March 29, 2020

Review: Beyond the God Particle by Leon Lederman and Christopher Hill

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What’s the ‘next big thing’ in particle physics?

In early July 2012, the announcement came out of Geneva Switzerland that the Higgs boson, a.k.a. the “God Particle” had been caught in the act by researchers working at the Large Hadron Collider.

But what is the Higgs? And where might this discovery lead us to next? This week’s review, entitled Beyond the God Particle by Leon Lederman and Christopher Hill out from Prometheus Books traces the evolution and history leading up to that exciting discovery and the implications that it has for the future of modern particle physics research.

The discovery of the Higgs was a vindication for the Standard Model of particle physics, and points to what may lie beyond. We thought it was nearly as amusing to watch the human story itself evolve as we watched history unfold. There was the triumphant scientists, reporting the existence of the Higgs with a “5-Sigma confidence” which infuriated reporters, who then had to figure out what that means. (think a million-to-one in favor of a discovery). There was the media itself, which had to grapple with explaining an exotic concept between celebrity and sports news on a long holiday weekend. Then we had the seemingly endless cascade of explainer posts that wrestled with what the Higgs is and isn’t. I remember a friend of mine saying he knew “this was it,” when 83 year old Peter Higgs was flown to Switzerland.

But beyond just its discovery, authors Hill and Lederman dig into the true ramifications of the discovery, and where we may be headed next. Or in the case of particle physics in the United States, where we aren’t headed, as the authors look at the debacle that was the Superconducting Collider at the end of the last century. The authors note that every economic boom has also been accompanied by a renaissance in science and research, a warning that doesn’t bode well for the current state of the U.S. economic recovery.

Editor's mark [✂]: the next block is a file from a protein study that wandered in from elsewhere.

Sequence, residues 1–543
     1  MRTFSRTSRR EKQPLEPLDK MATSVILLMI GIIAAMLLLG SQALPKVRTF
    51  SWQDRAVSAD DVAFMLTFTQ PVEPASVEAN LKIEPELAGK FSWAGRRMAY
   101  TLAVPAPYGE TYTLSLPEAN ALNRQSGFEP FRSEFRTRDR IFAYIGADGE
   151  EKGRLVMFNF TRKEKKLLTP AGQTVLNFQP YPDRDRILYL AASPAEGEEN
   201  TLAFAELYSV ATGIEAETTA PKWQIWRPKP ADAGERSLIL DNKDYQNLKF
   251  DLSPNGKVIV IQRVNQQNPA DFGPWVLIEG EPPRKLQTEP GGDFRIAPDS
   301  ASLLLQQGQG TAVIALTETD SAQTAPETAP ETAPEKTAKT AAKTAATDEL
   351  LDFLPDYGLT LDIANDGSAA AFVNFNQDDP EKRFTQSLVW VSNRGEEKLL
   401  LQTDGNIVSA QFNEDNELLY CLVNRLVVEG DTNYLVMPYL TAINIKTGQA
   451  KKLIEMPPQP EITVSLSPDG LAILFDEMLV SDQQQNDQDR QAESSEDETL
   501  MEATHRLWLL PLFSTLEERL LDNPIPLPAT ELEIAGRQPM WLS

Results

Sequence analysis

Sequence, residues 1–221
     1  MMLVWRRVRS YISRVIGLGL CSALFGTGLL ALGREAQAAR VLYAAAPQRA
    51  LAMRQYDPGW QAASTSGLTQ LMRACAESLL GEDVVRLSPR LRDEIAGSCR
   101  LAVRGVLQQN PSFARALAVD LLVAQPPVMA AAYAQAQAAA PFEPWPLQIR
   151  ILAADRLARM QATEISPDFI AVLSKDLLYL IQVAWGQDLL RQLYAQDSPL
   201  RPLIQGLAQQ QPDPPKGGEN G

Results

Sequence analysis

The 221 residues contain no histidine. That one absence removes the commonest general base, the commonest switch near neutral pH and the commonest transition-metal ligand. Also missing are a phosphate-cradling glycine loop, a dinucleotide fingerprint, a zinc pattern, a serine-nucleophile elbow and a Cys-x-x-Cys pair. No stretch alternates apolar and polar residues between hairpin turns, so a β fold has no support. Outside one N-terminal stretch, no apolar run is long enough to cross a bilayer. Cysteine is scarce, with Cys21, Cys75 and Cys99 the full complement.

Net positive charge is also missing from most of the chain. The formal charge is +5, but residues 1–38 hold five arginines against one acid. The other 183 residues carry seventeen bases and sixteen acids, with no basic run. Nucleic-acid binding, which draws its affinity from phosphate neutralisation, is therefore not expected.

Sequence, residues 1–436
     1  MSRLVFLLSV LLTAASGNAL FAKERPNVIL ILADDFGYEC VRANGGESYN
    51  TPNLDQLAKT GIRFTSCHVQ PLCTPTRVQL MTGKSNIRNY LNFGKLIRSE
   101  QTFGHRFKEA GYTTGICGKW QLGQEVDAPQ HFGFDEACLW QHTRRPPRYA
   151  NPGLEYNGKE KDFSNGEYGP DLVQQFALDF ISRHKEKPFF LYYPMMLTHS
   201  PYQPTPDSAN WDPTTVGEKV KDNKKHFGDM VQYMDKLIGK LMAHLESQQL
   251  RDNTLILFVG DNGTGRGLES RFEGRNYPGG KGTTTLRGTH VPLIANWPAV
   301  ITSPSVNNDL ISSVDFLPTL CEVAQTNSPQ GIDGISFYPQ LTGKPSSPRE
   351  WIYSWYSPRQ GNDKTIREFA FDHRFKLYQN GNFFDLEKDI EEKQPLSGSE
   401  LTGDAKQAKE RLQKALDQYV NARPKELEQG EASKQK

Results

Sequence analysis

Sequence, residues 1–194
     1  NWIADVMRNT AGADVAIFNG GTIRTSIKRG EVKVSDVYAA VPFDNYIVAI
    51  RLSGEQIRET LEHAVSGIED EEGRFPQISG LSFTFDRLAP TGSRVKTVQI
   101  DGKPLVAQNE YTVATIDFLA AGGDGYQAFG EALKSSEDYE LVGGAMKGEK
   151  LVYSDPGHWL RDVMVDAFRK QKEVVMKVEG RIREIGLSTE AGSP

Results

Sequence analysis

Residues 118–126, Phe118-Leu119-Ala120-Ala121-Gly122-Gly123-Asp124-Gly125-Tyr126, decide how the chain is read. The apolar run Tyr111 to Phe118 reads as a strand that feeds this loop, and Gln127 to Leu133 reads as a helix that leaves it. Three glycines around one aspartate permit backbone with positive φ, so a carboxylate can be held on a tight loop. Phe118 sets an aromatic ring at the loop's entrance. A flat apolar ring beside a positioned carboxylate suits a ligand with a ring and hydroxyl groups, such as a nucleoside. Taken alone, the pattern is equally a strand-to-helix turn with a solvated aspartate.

Few know, for example, the research requirements at the CERN in Switzerland gave rise to the Internet and the World Wide Web as we know it. It’s just impossible to predict what weird and wonderful technologies will spring forth from research and development until we’ve actually done the “grunt work” of science. The authors’ note the case of expensive and short lived radioactive isotopes that have to be produced onsite for use in hospital scanning equipment, a process that particle physics may make obsolete. And though the age of the Tevatron project may have come and gone, the proposed Muon Collider and Project X may have the capacity to bring particle physics research in the United States back to the fore.

Be sure to read Beyond the God Particle, and also check out Massive for a fine comparison of physics both pre- and post-Higgs discovery. Though controversy endures as to the moniker, the “God particle” title will probably be forever associated with the Higgs. The authors even note that a Christian conservative tourist once even asked a researcher if there was a “Satan particle” as well! Oh, the times we’re in.


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